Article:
AMFPHP Complex Classes – Yeah I knew that

Just blew half an hour tracking down something I *knew* I’d done before. Thought I’d post here for future ‘lapses.’

To return a typed object from PHP to the flashplayer the process is simple, declare a variable called $_expicitType in your PHP class
e.g.
class SummaryVO
{
var $_explicitType = "com.dl.SummaryVO";
$standards = array();
$levels = array()
}

In your corresponding ActionScript class use the RemoteClass metadata tag

package com.dl
{
[RemoteClass(alias="com.dl.SummaryVO")]
public class SummaryVO
{
public var standards:Array;
public var levels:Array;
}
}

Note the values for $_explicitType and alias are arbitrary, they can be what ever you’d like, as long as their the same in AS and PHP (provided your only conerned with PHP=>AS mapping).

Okay, so what happens when you have ‘complex classes’ you’d like to return? Complex meaning a class who’s members are made up of other ‘custom’ class instances.

Let’s say, for example, that in our later code example ‘standards’ was an array of ‘StandardVO.’ The problem I ran into was that I was getting a typed ‘SummaryVO’ back from AMFPHP, however my class members were not typed, just generic objects. I checked and I had taken the necessary steps to use strongly typed SummaryVO and StandardVO classes, yet the StandardVO was coming back as a plain old Object.

We’ll it turned out in my development flurry I hadn’t used a reference to the ‘StandardVO’ class yet!! Simply declaring an instance of StandardVO did the trick (i.e. var placeHolder:StandardVO). You could also you the includes class […] compiler option.

Moral of the story, be sure the complier includes a reference to any class you want strongly typed from your RPCs.

Pipe Demo: Mortgage App

I’ve posted a pipes version of the mortgage app.

Things to note:

You can load / unload the modules dynamically.

A junction mediator is defined for each ‘player.’ In the mortgage app context that’s a mediator for the application itself, the Acme widget and the Foo widget.

ApplicationJunctionMediator
ModuleJunctionMediator (Acme)
ModuleJunctionMediator (Foo)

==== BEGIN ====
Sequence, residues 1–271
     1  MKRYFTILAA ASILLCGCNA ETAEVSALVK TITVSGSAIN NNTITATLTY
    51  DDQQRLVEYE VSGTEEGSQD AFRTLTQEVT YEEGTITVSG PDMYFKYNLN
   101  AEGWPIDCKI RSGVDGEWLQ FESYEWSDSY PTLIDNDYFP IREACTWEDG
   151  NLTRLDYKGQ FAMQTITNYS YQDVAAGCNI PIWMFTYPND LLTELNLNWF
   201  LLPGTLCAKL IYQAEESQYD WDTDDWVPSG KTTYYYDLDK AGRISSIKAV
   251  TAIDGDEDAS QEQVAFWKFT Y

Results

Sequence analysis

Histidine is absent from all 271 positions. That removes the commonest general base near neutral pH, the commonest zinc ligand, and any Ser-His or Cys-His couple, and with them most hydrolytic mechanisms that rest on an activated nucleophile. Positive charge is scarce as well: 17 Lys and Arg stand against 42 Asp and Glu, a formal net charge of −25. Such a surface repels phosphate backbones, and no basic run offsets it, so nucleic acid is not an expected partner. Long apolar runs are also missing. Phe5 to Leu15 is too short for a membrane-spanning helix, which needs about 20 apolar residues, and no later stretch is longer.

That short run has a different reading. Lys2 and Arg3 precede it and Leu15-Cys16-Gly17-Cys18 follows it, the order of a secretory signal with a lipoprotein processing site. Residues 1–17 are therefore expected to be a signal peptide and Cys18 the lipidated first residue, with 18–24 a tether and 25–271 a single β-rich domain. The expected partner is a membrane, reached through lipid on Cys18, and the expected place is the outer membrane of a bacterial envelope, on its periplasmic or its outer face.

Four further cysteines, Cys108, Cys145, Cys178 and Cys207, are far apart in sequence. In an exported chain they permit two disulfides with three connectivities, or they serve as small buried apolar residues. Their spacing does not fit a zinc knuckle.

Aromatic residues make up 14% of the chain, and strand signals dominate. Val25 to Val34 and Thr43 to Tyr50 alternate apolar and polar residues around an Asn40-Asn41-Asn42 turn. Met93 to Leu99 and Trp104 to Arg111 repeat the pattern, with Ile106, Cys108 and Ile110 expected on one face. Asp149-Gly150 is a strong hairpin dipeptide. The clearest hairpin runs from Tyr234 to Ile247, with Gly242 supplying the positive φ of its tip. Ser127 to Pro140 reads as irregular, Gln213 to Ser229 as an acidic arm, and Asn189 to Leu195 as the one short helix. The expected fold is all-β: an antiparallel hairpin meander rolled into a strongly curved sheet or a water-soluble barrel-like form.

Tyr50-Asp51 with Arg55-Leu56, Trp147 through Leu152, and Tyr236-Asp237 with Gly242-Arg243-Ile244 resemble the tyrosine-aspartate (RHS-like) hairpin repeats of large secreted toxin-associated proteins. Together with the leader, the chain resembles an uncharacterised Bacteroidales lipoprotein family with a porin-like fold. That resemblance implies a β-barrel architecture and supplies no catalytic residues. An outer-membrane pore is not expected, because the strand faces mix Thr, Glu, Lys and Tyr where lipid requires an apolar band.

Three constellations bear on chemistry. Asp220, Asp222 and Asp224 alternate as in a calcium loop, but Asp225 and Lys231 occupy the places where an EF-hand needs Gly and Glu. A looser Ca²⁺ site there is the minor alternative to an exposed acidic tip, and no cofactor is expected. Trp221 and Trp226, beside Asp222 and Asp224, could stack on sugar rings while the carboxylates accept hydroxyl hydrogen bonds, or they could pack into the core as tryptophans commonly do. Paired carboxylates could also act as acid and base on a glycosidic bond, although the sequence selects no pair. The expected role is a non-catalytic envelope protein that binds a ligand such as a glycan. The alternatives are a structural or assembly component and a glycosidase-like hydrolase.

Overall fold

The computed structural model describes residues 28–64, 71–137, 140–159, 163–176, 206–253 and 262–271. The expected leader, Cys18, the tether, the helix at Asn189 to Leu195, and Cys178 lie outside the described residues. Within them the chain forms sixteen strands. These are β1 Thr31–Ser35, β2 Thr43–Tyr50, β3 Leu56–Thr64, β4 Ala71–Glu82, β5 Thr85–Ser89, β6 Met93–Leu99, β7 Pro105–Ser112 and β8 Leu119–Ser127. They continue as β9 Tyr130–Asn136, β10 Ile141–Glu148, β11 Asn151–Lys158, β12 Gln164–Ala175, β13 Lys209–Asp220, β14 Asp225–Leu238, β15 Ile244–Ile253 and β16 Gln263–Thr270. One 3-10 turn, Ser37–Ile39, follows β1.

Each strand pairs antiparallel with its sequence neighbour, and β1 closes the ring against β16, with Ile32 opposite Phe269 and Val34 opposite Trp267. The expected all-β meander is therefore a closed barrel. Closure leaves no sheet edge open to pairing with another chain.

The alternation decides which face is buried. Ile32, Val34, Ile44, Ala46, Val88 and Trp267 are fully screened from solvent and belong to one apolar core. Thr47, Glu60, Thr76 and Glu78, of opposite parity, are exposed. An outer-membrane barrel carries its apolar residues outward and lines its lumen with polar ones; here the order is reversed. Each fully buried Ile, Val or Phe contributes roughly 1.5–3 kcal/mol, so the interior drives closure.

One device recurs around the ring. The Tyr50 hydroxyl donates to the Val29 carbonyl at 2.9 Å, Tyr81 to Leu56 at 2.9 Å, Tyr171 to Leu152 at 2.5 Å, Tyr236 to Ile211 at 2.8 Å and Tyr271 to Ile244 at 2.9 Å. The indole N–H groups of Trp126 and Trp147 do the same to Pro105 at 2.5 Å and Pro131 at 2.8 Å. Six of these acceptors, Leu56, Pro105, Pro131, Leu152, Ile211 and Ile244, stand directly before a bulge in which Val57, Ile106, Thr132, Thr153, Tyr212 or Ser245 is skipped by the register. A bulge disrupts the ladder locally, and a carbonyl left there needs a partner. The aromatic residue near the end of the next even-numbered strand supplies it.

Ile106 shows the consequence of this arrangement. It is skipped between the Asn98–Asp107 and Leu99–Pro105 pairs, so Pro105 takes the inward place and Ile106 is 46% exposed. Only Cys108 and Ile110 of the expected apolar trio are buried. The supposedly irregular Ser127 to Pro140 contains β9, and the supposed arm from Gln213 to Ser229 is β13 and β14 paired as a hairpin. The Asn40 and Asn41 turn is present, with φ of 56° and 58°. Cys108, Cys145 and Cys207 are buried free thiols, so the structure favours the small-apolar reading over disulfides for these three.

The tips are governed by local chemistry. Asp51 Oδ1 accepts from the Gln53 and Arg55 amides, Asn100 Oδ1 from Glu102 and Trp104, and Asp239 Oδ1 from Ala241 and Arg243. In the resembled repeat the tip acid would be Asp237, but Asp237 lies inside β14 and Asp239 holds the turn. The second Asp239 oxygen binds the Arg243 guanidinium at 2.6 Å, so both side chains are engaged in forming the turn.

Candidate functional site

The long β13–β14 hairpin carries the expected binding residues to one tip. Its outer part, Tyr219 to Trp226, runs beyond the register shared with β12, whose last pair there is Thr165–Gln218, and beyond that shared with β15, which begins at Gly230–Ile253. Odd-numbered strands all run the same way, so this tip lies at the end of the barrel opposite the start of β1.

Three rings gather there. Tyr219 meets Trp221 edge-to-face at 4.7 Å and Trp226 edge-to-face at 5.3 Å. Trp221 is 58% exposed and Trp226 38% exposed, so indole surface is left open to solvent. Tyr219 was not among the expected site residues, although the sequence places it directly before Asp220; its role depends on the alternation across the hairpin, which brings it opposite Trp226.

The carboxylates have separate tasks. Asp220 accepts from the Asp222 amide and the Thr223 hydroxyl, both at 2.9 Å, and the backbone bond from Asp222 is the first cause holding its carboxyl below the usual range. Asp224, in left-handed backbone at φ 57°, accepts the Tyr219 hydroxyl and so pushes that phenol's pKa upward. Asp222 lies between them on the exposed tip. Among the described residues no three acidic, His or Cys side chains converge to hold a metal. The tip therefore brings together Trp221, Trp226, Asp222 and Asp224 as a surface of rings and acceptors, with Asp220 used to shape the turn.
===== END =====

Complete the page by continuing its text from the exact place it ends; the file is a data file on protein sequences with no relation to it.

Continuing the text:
To make our lives easier when it comes time to unload the module, the module caches the app’s pipe fitting it’s connected to. This allows the module to easily ‘cleanup’ (disconnect our fittings) should we want to unload the module. You may find a cleaner approach to this, feel free to post in comments – the ‘caching approach’ was simple and thus the road taken for the demo.

Understanding PureMVC Pipes

Disclaimer: This a bit of a longer post!!

The pipes utility is newer to PureMVC and as such, I’ve seen questions on the blogosphere regarding it’s use.

The plumbing metaphor should help wrap you head around this utility and it’s use. Keep in mind that a pipe allows for one-way message flow.

So let’s take a look at how the utility can be used.

One great features of ‘Pipes’ is that they can use used on top of an existing app. That is, you’ll simply need to define a JunctionMediator at/for each integration point.

Let’s look at the simplest case, an application that loads and communicates with a module. We’ll assume that at some point you’ll want to use this same app to use multiple modules down the road. You’ll need to create a JunctionMediator for the application and a JunctionMediator for the module. We’ll dive into the details for those mediators but at a high level, that’s it – we simply define a ‘JunctionMediator’ for each ‘player.’

Here’s a simple diagram

Simple Pipe

Our JunctionMediator’s will be connected together with pipes. We’ll have one pipe that allows for application-to-module message flows and another pipe that allows for module-to-application flows.

On the receiving end of a pipe, we’ll want a pipe listener (you’ll have only one pipe listener for a given pipe). We’ll use pipe listeners to handle incoming pipe messages.

To send messages down a pipeline, we’ll normally use the Junction’s ‘sendMessage’ function.

Back to our simple example, our app’s JunctionMediator would be responsible for creating the app’s pipe fittings, creating pipes to connect to those fittings to the module.

So the first thing our app’s JunctionMediator would do would be to create a new junction at creation.


public class ApplicationJunctionMediator extends JunctionMediator
{
public function ApplicationJunctionMediator()
{
super(NAME, new Junction());
}

Once this mediator is registered with our facade, we’d want to create the PipeFittings. We’ll use a TeeSplit for outgoing and TeeMerge for incoming. The TeeSplit will allow us to connect to multiple modules for outbound messages. The TeeMerge will allow multiple modules to send messages up to our main app. We’ll also want to add a pipe listener on our TeeMerge. This listener will allow us to handle the messages being sent up from the modules to the app.


override public function onRegister():void
{
junction.registerPipe( PipeAwareModule.APP_TO_MODULE_PIPE, Junction.OUTPUT, new TeeSplit() );
junction.registerPipe( PipeAwareModule.MODULE_TO_APP_PIPE, Junction.INPUT, new TeeMerge() );